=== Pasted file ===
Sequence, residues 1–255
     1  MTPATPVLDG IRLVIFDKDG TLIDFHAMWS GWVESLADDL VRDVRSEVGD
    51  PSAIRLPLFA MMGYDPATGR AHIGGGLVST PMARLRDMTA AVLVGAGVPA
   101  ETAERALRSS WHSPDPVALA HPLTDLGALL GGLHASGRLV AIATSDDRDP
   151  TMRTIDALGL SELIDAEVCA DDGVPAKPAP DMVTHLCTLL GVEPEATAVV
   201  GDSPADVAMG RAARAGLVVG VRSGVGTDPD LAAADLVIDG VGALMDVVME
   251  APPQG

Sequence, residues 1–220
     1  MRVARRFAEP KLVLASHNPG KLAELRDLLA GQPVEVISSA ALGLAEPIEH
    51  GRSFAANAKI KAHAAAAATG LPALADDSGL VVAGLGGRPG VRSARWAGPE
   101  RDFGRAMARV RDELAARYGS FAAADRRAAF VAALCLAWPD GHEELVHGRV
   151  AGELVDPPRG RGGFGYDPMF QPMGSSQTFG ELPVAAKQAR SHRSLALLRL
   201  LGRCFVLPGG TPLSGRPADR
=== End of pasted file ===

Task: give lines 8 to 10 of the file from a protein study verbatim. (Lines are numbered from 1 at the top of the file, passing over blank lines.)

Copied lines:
Sequence, residues 1–220
     1  MRVARRFAEP KLVLASHNPG KLAELRDLLA GQPVEVISSA ALGLAEPIEH
    51  GRSFAANAKI KAHAAAAATG LPALADDSGL VVAGLGGRPG VRSARWAGPE